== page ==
Today, the Reno City Council held their regularly scheduled meeting. Below are some highlights from the meeting.
Fire service items: Agenda Item F.6, N.2 and N.3
• Agenda Item F.6
The City Council approved a Cooperative Agreement for Mutual Aid with the Bureau of Land Management, Carson City District Office. The mutual aid agreement considers the location and capabilities of all involved jurisdictions and results in a fair financial arrangement between all parties. The agreement is based on capabilities, depth of resources, and location of stations. The agreement provides for an exchange of resources for most short duration incidents, i.e. 12 hours, without expectation of reimbursement. Long protracted incidents such as a multi-day wildland incident would be subject to cost recovery after the initial period with a commitment to reimburse cost from FEMA reimbursements whenever possible. This agreement develops a strong working relationship between all affected jurisdictions.
• Agenda Item N.2 and N.3
In hopes of resolving issues with Washoe County, avoiding litigation, and providing the highest level of public safety, the City Council directed staff to continue working with Washoe County staff to negotiate an Automatic Aid Agreement and an agreement regarding true-ups. The Council also voted to not terminate the existing Cooperative Agreement for Mutual Aid between the City of Reno and the Truckee Meadows Fire Protection District and the Sierra Fire Protection District.
Automatic aid is an automatic response by both agencies at the time of dispatch that augments service delivery and assures that the closest resources respond to an emergency regardless of jurisdictions. True-ups are a financial reconciliation of the costs associated with the operation of the former consolidated fire department between the Reno Fire Department and the Truckee Meadows Fire Protection District. Mutual aid is an agreement between two neighboring jurisdictions, with a pre-approved contract that defines the level of aid that is generally available, the conditions under which aid is available, and any costs associated with the aid. Under mutual aid if one jurisdiction needs help from another, they request it and the aid is sent if resources are available.
Since October 2011, the City of Reno has made 13 attempts to reach out to Washoe County regarding Automatic and Mutual Aid agreements. Regarding true-ups, the City of Reno has determined that Washoe County owes the City up to $3 million.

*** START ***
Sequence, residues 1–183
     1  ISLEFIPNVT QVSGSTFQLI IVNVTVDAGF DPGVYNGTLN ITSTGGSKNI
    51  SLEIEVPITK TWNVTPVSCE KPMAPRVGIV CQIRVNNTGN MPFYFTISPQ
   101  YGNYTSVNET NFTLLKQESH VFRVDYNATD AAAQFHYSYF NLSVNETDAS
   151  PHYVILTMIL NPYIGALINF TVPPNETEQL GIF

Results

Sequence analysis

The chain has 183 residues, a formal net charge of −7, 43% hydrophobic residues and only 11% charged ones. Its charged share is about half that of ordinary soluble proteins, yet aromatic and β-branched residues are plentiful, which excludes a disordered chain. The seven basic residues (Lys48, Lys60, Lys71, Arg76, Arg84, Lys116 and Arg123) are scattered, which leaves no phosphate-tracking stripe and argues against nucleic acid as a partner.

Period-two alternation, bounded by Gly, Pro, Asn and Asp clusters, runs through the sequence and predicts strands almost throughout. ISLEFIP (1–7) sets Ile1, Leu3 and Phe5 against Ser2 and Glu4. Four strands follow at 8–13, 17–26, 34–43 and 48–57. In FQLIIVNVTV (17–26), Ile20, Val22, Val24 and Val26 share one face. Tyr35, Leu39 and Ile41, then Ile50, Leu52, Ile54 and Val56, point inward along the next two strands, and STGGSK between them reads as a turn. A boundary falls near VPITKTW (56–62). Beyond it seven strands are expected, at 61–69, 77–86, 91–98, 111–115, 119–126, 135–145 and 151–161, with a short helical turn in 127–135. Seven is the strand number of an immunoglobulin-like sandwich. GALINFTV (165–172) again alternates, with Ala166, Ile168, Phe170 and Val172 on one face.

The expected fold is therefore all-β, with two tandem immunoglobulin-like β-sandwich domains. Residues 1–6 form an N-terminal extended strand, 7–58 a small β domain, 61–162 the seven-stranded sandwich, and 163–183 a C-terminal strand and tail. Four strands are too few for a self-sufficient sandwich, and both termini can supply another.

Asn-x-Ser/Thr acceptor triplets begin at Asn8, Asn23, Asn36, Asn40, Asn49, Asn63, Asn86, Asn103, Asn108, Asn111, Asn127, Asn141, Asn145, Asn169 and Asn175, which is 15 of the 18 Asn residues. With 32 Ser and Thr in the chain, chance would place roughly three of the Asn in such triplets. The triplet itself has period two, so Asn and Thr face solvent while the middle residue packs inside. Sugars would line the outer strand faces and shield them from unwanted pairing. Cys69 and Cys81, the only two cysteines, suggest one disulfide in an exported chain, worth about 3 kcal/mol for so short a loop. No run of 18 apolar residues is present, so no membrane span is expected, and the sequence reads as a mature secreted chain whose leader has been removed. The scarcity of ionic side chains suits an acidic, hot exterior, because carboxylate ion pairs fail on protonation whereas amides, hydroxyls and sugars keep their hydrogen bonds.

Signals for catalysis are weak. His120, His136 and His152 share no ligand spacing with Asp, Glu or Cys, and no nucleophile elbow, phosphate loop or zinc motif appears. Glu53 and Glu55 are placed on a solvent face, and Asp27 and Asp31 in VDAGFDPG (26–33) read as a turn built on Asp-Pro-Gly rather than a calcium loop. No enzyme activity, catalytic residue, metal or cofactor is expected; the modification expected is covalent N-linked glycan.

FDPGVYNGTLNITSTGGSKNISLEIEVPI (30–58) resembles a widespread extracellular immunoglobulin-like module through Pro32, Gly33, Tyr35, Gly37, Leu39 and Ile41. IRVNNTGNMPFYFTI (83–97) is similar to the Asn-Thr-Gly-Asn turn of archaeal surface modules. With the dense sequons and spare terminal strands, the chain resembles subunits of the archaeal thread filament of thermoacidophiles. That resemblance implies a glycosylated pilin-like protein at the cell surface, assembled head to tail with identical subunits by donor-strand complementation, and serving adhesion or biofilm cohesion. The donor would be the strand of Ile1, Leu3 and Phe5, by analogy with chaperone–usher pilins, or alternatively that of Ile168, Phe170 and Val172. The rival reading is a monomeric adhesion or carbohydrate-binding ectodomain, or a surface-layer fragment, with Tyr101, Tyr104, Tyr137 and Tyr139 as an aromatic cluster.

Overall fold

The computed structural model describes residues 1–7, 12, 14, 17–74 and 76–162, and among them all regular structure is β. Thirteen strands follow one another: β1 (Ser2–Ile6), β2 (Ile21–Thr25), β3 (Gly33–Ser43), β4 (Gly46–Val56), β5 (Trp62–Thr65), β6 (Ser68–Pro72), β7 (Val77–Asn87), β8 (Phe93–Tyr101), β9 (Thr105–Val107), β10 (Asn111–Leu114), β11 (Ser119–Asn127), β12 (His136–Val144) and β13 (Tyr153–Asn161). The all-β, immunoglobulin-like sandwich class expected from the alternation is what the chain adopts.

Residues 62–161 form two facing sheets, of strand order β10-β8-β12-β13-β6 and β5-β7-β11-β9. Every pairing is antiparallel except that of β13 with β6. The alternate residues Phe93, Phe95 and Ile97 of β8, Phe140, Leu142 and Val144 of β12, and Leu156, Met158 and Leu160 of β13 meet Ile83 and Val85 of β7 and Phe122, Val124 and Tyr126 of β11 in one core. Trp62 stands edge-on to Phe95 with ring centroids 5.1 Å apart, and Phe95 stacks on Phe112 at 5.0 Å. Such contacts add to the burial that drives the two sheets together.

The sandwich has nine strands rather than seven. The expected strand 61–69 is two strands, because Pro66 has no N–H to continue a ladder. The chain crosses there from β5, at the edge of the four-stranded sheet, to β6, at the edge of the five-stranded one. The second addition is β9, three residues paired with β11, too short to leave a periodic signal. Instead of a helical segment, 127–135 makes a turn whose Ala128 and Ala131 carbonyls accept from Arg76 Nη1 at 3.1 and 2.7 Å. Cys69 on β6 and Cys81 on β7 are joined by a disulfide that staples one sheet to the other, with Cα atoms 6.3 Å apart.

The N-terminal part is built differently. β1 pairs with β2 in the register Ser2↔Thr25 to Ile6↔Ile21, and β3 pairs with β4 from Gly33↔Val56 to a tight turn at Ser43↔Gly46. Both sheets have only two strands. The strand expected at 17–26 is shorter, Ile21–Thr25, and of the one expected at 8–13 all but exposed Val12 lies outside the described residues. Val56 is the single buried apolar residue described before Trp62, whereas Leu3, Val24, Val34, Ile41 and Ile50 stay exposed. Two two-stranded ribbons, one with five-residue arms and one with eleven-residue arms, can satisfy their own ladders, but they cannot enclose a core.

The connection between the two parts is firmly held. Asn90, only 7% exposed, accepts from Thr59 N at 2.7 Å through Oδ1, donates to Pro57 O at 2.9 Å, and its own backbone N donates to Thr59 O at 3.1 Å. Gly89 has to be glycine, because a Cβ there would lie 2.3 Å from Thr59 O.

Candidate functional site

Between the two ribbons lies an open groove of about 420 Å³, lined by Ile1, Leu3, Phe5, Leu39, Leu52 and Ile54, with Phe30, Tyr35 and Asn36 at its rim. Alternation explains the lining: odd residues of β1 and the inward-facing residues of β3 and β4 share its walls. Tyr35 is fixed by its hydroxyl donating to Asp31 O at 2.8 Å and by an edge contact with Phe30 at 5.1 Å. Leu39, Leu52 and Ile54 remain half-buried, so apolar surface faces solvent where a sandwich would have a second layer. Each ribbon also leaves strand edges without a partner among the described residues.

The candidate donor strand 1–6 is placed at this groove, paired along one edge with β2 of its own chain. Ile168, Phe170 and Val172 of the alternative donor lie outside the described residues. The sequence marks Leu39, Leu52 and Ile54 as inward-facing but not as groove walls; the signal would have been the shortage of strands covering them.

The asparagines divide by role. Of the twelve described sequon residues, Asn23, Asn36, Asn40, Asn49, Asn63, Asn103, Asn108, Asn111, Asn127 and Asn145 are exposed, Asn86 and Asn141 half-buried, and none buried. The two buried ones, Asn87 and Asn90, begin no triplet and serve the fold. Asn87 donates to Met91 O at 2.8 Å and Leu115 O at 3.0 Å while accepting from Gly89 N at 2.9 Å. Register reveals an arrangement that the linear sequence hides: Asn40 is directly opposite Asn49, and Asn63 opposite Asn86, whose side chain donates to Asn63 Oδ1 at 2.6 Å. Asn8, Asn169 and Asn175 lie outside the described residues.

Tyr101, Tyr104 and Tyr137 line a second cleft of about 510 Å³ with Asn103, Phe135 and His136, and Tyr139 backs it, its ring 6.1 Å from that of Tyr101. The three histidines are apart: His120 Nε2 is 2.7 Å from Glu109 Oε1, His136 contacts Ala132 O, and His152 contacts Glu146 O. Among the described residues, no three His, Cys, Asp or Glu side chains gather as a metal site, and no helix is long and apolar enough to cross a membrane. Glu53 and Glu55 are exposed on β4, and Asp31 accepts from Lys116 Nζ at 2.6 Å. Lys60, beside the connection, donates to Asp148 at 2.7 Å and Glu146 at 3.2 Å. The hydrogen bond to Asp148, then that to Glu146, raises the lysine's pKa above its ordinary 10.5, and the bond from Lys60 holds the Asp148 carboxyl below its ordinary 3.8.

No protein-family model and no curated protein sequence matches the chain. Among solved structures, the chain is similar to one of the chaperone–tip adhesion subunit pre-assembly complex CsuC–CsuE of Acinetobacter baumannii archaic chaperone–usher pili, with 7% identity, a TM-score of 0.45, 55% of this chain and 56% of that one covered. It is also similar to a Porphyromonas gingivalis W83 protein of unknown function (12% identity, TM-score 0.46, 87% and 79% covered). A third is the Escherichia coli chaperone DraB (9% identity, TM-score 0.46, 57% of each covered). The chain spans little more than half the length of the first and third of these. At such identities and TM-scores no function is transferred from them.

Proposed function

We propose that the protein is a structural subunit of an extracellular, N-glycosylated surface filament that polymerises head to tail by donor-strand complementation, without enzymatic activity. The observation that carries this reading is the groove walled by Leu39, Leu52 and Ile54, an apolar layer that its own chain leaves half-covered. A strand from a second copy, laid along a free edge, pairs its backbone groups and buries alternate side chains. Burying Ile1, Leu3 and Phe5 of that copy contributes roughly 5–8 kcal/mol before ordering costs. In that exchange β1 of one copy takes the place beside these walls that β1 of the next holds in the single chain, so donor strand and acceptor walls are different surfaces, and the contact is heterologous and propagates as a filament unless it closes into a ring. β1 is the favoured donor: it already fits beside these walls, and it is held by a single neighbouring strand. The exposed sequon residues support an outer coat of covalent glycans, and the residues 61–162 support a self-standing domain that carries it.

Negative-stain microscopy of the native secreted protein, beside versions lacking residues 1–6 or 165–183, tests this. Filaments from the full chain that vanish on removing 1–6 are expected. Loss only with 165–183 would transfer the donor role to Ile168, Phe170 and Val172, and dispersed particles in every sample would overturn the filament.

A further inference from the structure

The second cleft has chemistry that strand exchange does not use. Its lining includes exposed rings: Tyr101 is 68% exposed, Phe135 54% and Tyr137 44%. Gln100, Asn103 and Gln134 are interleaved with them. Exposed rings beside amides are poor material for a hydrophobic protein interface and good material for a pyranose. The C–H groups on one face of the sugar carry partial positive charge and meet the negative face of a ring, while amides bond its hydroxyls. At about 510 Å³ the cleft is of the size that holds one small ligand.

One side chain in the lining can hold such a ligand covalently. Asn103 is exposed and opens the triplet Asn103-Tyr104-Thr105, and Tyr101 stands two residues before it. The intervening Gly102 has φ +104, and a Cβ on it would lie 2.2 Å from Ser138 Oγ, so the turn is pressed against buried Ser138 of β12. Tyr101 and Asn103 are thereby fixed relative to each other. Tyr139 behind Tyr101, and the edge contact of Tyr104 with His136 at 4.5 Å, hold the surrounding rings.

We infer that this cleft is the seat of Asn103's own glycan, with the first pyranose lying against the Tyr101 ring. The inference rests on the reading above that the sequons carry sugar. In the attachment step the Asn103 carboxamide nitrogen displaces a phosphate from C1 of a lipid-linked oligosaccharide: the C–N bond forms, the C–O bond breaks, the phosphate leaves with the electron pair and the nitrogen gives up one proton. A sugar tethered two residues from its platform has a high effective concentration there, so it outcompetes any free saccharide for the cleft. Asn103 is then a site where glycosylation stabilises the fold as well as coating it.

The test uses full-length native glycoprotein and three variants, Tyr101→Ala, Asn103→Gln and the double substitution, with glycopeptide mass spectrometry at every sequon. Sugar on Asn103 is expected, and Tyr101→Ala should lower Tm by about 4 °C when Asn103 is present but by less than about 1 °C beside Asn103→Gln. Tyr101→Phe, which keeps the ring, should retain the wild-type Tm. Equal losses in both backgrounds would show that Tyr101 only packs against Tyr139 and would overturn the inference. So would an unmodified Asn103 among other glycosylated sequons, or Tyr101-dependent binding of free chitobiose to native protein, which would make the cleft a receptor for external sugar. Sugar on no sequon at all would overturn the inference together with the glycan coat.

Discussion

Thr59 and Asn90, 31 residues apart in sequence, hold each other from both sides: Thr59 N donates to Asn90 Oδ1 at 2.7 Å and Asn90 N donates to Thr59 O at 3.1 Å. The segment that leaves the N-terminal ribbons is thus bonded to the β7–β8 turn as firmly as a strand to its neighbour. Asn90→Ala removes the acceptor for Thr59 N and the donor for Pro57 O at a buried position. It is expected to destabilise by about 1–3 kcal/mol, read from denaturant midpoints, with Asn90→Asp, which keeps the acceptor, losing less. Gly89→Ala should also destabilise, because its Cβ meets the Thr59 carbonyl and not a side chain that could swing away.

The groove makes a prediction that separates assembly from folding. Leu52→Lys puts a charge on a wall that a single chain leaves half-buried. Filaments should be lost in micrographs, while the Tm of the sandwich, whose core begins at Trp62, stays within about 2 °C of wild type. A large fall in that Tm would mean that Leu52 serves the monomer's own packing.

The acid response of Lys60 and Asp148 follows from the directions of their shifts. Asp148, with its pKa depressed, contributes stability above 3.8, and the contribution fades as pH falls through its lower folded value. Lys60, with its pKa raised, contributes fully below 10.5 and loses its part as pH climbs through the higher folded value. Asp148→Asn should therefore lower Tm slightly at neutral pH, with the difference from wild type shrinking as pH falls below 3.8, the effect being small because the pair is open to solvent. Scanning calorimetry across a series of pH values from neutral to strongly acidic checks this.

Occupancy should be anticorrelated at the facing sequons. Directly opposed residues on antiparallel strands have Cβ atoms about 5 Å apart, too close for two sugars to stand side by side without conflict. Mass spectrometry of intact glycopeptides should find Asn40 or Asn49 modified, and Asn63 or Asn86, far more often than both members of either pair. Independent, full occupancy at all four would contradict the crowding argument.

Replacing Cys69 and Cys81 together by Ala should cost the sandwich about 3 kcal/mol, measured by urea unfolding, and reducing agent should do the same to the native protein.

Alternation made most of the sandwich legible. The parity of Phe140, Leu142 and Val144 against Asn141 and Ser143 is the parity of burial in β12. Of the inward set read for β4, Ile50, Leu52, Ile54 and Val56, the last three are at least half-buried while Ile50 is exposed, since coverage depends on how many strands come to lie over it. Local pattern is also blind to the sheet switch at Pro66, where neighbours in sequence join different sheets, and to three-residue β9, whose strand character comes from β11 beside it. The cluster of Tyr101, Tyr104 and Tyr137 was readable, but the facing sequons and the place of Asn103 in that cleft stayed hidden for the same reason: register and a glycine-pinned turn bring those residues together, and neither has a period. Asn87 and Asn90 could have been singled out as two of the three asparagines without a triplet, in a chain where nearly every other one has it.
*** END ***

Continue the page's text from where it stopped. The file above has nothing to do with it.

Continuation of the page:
• Agenda Item F.3
The City Council approved a Sponsorship Agreement for City services in an amount not to exceed $2,700 with Let’s Do Things, LLC. for the Official Pre-Reno Zombie Crawl Thrill Dance Under the Reno Arch which is scheduled for Saturday, October 27, 2012. This is the first year that this organization has applied for Special Event Sponsorship.
The first year of the event in 2008, 100 people participated in a “flash mob” at Centennial Park in the middle of the Zombie Crawl. In 2009, the event drew 300 participants and the 2010 event had 400 participants. In 2011, the event was staged on ReTrac and Let’s Do Things, LLC. registered 240 dancers for the Guinness Book of World Records and filled the space with an additional 400 spectators. Let’s Do Things, LLC hopes the 2012 Thriller Dance will bring 1,000 spectators and performers with the iconic Reno Arch as the backdrop.
• Agenda Item H.2.2
The City Council approved amending the Reno Municipal Code (18.08.201 and 18.08.204) in order to enable temporary small-scale urban commercial farming citywide. Cities across the nation are enabling commercial farming operations in the urban environment in order to connect urban residents with a broader food system, provide urban spaces, and foster economic benefits on vacant land.
• Agenda Item J.1
The City Council approved the streets for 2013, 2014, and 2015 as part of the Accelerated Neighborhood Streets Program. Streets to be reconstructed in 2013 will include the northeast section the city, in 2014 the streets will be located in the southwest section of the city, and in 2015 the streets will be located in the northwest section of the city. A map is attached.
The Accelerated Streets Program was approved by Council in 2008 to accelerate the completion of the neighborhood street reconstruction and surface treatment by leveraging the Street Fund revenues to bond for up to $45 million. Since Council action on February 13, 2008, $44.3 million dollars of the bond has been spent rehabilitating neighborhood streets. The funds available for the Neighborhood Street Rehabilitation Program are projected to be $2.5 million annually for the next 3 years.